Charging infrastructure for electric mobility using overhead lines
Expanding renewable energy sources in the mobility sector will play a key role in a successful energy transition. One particularly relevant aspect is finding ways to use existing grid structures efficiently, i.e. leveraging existing infrastructure as a lower-cost alternative to installing new systems. Part of this project is the development of a DC charging infrastructure (DC-LIS) for electric vehicle charging stations that will supply energy directly from the overhead lines that the trams use.
July 2020 until June 2023
Federal Ministry for Economic Affairs and Climate Action
Institut für Vernetzte Energiesysteme
Institut für Verkehrssystemtechnik
SEN - System Entwicklung Nordhausen GmbH
Stadtwerke Nordhausen – Holding für Versorgung und
Fachgebiet Stadt- und Regionalökonomie an der Fakultät Architektur und Stadtplanung der FH Erfurt (Evaluation & Transfer)
Institut Stadt I Mobilität I Energie (ISME)
Project Manager at the Institute of Networked Energy Systems:
Gerrit Bremer, Thomas Esch
Expanding renewable energy sources in the mobility sector will play a key role in a successful energy transition. One particularly relevant aspect is finding ways to use existing grid structures efficiently, i.e. leveraging existing infrastructure as a lower-cost alternative to installing new systems.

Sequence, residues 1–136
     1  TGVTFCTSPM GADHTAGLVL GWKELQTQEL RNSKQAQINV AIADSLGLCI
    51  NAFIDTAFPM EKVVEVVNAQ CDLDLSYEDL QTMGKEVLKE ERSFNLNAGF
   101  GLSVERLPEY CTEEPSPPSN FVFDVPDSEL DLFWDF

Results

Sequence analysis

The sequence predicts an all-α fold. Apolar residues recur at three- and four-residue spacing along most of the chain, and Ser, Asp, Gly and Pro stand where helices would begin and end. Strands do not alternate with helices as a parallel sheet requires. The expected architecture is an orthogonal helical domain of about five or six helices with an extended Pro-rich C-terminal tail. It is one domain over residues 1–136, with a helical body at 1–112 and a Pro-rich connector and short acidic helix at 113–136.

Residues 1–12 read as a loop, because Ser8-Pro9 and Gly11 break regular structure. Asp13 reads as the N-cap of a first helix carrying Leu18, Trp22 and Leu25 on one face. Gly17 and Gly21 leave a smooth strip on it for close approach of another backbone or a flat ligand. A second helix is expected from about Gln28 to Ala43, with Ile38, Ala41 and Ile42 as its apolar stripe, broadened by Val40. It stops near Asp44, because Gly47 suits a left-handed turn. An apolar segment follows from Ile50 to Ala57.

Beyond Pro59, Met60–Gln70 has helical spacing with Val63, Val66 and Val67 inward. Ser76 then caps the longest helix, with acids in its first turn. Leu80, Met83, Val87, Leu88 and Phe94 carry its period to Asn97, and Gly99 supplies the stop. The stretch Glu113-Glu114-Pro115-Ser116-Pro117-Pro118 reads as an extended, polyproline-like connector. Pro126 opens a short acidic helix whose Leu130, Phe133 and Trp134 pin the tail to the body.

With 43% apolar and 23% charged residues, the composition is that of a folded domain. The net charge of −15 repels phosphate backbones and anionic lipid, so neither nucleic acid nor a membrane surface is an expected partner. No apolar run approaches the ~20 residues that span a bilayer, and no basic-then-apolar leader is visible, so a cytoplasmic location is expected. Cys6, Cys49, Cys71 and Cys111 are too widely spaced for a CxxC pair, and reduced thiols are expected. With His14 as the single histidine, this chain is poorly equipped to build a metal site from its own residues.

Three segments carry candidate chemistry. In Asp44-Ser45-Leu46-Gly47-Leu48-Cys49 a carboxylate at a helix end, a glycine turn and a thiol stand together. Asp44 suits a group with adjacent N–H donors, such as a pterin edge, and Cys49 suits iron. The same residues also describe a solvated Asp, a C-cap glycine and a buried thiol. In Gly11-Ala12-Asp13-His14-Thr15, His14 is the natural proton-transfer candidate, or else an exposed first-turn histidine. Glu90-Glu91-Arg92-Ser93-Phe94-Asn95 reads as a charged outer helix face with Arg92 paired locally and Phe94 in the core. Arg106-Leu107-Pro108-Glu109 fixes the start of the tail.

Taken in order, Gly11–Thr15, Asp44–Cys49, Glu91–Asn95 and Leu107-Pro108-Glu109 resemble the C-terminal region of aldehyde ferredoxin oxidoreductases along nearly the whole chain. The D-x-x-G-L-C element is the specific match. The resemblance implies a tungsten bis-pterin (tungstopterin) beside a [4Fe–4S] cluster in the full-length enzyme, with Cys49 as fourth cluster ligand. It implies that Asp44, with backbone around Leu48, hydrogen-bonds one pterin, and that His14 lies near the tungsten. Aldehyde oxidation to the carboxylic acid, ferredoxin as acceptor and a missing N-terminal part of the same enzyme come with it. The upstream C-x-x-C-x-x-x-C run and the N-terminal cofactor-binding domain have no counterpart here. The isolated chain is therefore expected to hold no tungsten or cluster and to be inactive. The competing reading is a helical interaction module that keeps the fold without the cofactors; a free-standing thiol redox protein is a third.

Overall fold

City-centre charging stations for electric vehicles are usually connected to the public alternating current (AC) grid. For a fast-charging station, this alternating current is first converted into the direct current (DC) needed for the process. The DC-LEO project aims to tap into the power capacity of overhead tram lines, which already carry direct current. However, they normally experience severe fluctuations in operating voltage. As part of the project, a DC charging infrastructure (DC-LIS) is to be set up to allow the energy supply to come directly from the overhead lines. The development of this infrastructure will first be validated in a laboratory environment with the aid of a trial charging station before being tested in real-world conditions at the depot in Nordhausen, and then ultimately integrated into public spaces around the city.
The work of the scientists at the Institute of Networked Energy Systems can be roughly categorised in two main areas. On the one hand, they are conducting site and environment analyses along with their own field measurements in order to create a digital map of Nordhausen’s network of overhead lines. They are also analysing existing Vehicle-to-X (V2X) communication structures and standards for charging infrastructure. A demand profile for the future charging infrastructure will then be drawn up based on the simulation results and needs analyses. In their second main area of activity, the data obtained and the simulation models are being transferred to the Institute’s network emulation laboratory (NESTEC). There, the various voltage profiles can be replicated and the hardware developed and tested in a secured laboratory environment without affecting the city’s grid. The different V2X communication structures can also be reproduced and tried out there. The knowledge gained in the subsequent test phase at the Nordhausen depot can be incorporated directly into the ongoing development of the network emulation.
It will then be possible to present the project findings within a scientific framework, encouraging intensive dialogue and making a key contribution to the energy transition through the interdisciplinary advancement of the technology.
Further information on the Research Project DC-LEO: